Adding a VFD? How to treat it like a VIP

Be aware of potential power quality problems on both the line and load sides.

By Stu Accola, MTE Corp.

When companies want to improve performance of equipment that’s driven by motors, they often will incorporate a variable frequency drive (VFD) into their system. VFDs control the AC motor speed and torque by varying the motor input frequency and voltage. Although VFDs offer many benefits, such as increased efficiency and savings on electric costs, they also can introduce potential problems.

Some of the problems occur on the line side, between the utility connection point and the VFD; others occur on the load side, between the VFD and the motor. These problems can be especially challenging with VFDs that are retrofit into legacy motors. Let’s look at some of the top issues to watch out for on both the line side and the load side, as well as potential solutions for addressing these issues.

Line-side power quality concerns

On the line side (or input), when you add a VFD, harmonics can be created and directed back toward the utility. Harmonics exist in current waveforms that deviate from the smooth sinusoidal waves normally found in utility power.

This distortion in the power system leads to issues. What you may see is that some components (fuses, transformers, and wire and circuit breakers) can overheat. Also, using a VFD to control the speed of the motor can create heat in other motors across the line.

You also may experience telecommunication interference, such as buzzing in your phone lines. This occurs because of coupling of harmonics from the power line to the phone line and is known as a telephone influence factor, or TIF.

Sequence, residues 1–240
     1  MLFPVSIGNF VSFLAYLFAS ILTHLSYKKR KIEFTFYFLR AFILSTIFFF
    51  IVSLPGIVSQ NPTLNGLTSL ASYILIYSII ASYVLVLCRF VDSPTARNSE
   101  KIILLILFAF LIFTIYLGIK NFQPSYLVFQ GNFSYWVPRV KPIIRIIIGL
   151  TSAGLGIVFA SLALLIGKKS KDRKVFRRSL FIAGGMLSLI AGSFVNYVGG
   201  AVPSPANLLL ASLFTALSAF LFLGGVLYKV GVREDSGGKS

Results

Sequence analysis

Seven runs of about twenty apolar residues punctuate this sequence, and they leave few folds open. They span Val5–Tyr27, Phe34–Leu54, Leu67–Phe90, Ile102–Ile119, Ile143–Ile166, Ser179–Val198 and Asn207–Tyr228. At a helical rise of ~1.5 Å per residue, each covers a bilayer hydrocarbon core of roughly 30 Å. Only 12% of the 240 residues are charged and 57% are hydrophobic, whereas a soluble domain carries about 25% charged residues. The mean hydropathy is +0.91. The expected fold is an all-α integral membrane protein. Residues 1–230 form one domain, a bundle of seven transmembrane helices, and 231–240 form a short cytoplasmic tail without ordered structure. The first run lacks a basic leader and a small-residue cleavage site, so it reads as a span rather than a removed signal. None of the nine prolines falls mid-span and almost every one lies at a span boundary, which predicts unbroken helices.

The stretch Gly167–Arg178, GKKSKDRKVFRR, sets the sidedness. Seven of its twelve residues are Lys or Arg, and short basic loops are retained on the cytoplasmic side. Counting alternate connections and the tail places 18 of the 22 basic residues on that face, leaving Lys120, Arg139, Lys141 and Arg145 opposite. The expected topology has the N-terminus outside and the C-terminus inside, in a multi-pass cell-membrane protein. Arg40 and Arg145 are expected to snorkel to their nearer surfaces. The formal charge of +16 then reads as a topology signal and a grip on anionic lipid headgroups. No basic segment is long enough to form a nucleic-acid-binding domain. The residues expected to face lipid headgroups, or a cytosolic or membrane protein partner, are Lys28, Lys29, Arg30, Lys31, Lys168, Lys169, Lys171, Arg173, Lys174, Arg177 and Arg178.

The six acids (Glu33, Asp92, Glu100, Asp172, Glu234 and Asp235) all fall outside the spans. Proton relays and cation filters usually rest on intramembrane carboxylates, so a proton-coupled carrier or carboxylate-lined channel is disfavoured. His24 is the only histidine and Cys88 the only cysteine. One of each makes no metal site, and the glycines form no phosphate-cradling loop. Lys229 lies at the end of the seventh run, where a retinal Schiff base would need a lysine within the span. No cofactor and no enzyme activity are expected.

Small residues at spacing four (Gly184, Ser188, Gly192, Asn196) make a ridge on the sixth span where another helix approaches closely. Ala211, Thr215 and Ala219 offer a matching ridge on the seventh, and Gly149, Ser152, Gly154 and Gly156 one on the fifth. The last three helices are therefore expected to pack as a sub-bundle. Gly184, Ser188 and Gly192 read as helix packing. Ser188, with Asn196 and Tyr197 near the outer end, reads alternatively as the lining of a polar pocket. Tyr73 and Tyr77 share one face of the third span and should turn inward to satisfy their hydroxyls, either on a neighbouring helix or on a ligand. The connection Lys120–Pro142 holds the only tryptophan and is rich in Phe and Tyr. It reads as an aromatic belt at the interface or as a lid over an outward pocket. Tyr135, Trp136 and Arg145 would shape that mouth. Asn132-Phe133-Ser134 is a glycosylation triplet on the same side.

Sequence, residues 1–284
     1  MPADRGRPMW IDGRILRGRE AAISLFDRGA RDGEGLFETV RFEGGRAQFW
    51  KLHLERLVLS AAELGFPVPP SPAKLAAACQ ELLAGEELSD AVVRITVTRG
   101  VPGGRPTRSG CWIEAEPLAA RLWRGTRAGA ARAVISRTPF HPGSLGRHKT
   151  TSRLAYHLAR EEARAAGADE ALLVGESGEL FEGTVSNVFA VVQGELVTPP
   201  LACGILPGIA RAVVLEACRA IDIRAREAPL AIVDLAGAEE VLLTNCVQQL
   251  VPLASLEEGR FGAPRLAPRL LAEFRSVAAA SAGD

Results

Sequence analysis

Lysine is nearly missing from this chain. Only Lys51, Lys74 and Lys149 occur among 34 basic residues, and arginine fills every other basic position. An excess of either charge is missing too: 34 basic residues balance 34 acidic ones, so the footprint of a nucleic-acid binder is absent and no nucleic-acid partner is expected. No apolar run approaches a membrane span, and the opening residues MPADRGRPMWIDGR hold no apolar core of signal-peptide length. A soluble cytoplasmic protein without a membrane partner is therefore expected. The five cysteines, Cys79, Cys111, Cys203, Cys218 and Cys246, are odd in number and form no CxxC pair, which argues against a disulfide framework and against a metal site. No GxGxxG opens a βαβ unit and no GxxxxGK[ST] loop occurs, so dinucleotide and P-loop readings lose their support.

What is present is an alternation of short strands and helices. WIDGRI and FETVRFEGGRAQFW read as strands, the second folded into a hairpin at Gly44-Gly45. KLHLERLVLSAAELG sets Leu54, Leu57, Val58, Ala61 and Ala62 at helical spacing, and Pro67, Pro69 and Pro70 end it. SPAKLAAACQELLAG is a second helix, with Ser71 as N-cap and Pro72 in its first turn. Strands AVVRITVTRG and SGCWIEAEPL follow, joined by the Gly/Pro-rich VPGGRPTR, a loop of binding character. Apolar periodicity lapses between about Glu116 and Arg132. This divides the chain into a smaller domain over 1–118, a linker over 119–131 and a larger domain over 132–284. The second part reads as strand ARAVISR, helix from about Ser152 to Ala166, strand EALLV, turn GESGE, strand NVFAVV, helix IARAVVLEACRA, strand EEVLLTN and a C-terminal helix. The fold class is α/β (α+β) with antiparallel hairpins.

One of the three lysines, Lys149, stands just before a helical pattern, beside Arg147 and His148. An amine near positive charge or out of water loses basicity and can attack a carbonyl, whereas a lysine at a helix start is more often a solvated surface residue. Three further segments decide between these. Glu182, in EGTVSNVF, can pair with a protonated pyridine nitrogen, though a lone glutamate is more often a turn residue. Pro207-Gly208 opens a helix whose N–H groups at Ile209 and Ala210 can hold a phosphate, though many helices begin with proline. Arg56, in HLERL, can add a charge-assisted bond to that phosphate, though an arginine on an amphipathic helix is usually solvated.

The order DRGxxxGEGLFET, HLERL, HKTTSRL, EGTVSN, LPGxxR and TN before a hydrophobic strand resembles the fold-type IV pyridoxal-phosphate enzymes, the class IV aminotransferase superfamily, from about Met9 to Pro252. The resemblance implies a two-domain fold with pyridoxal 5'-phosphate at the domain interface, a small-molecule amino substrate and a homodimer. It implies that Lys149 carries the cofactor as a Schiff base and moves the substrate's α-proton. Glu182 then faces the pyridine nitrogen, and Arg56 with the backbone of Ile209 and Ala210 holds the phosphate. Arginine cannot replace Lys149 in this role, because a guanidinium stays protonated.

The spikes in electric current high-crest factor also can cause your circuit breakers to start tripping regularly. In addition, you may notice inaccurate measurements on sensors, equipment malfunctions, and even increased utility costs.

Load-side power quality problems

On the load side (or output), once the VFD receives power, it converts it into a new pulse-width-modulated waveform. Disturbances can happen between the VFD and motor power, including power spikes, fast rise times, and common-mode current. These are especially prevalent when there is a long cable distance between the VFD and the motor.

One of the biggest problems is damage to motor bearings. When common-mode current travels through the bearings, it causes microscopic pitting. Because this occurs thousands of times per second, the pitting can be a serious problem, often leading to premature bearing failure. You may also experience ground fault trips, which can cause downtime when your drive trips.

Adding a VFD to your system also can add common-mode voltage, which leads to unusually high current in your ground-fault detection circuit. This can trip the ground-fault sensor, which disables your equipment and stops production.

How to protect your system

To control issues specific to the line side, you can add a harmonic mitigation filter. This will help reduce harmonic distortion in your power system and prevent issues such as overheated components, telecommunication interference, and circuit-breaker trips. When adding a harmonic mitigation filter, you want to make sure your building meets IEEE-519 requirements for harmonic distortion and performs well even at lighter loads.

To control issues on the load side, you can add a dV/dt filter. This will help provide protection from voltage spikes by reducing the rate of voltage and limiting the peak voltage that occurs at the motor terminals. When adding a dV/dt filter, you should make sure that it has the ability to provide common-mode and rise-time reduction as well. This is especially important if there are large distances between your VFD and the motor. dV/dt filters are best suited for distances of 300 to 1,000 feet. For distances more than 1,000 feet, you may need to use a sinewave filter, while at short distances (less than 300 feet), a load-side reactor may work.

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